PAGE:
To find your maximum return, first focus on risk

Q: What's the best way to turn a small investment into a large amount of cash?

A: There's only one way to boost your return: Take more risk.

It's that simple. If you're not happy with the return of the stock market at large, which Vanguard founder Jack Bogle calls the "market return," you have to take more risk.

What is the market return? It is the return generated by companies from the earnings and revenue they generate selling goods and services. The stock market, measured by large-company stocks, has generated an average annual return of 9.1% since 1928, says And a moderately aggressive portfolio containing large company stocks as well as small stocks and foreign stocks has done a bit better, generating returns of 9.7%, based on Portfolio 75 at

If those returns are satisfactory to you, then your best option is to create a basket of diversified index funds or exchange-traded funds (ETFs). You want to create a portfolio that will catch your share of the market returns, just as you might use a giant net to catch butterflies. You can learn more here about how to craft a diversified portfolio.

To get a bigger return, you'll have to take more risk. You might have to load up on shares of smaller companies or companies in emerging markets, since both generate higher returns and carry higher risk.

Just remember that risk cuts both ways. Small-company and emerging market stocks can suffered vicious corrections that often outdo the correction in the broad stock market.So, by chasing a greater return you may suffer much larger ups and downs in the value of your portfolio. Be sure you're prepared for that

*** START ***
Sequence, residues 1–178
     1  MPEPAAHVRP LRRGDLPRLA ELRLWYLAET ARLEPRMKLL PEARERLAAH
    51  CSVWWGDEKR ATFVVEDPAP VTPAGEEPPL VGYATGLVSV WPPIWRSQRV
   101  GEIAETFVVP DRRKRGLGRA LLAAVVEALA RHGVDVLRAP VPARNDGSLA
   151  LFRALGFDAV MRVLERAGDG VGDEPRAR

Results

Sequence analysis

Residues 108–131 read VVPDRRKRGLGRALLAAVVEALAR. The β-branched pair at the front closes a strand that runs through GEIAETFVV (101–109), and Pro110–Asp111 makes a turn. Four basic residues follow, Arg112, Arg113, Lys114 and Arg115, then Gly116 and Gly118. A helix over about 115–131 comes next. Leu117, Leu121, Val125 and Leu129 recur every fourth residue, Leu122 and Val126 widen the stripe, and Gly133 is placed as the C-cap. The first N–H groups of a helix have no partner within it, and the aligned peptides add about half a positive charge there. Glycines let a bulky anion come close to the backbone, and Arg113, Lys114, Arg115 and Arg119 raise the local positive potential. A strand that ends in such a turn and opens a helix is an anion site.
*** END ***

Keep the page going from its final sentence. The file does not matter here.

Chasing greater returns might cause you to try to defy the odds and trade in hot stocks, hoping to sell before everyone else does. But many hot stocks wind up collapsing like a circus tent when investors, usually before you, realize there's nothing of substance under the tent.

My advice would be to turn your thinking upside down. Rather than fixating on return, consider your risk tolerance. Clearly, we all want the greatest possible return but very few can endure the necessary risk. Would you plunk down all your money on one spin of the roulette wheel, even though the potential gain is enormous? Probably not, because the large risk of losing it all is too great.

That's why you should measure how much risk you can tolerate before you make a single investment. There are several online risk questionnaires to help you do this, including one from and from

Once you measure your taste for risk, you can craft a portfolio that will give you the greatest possible return for the risk you're comfortable with. That's a long-term strategy that may not make you rich overnight, but it will give you a fair claim to the market's returns and let you sleep at night.

Matt Krantz is a financial markets reporter at USA TODAY and author of Investing Online for Dummies. He answers a different reader question every weekday in his Ask Matt column at To submit a question, e-mail Matt at Click here to see previous Ask Matt columns. Follow Matt on Twitter at: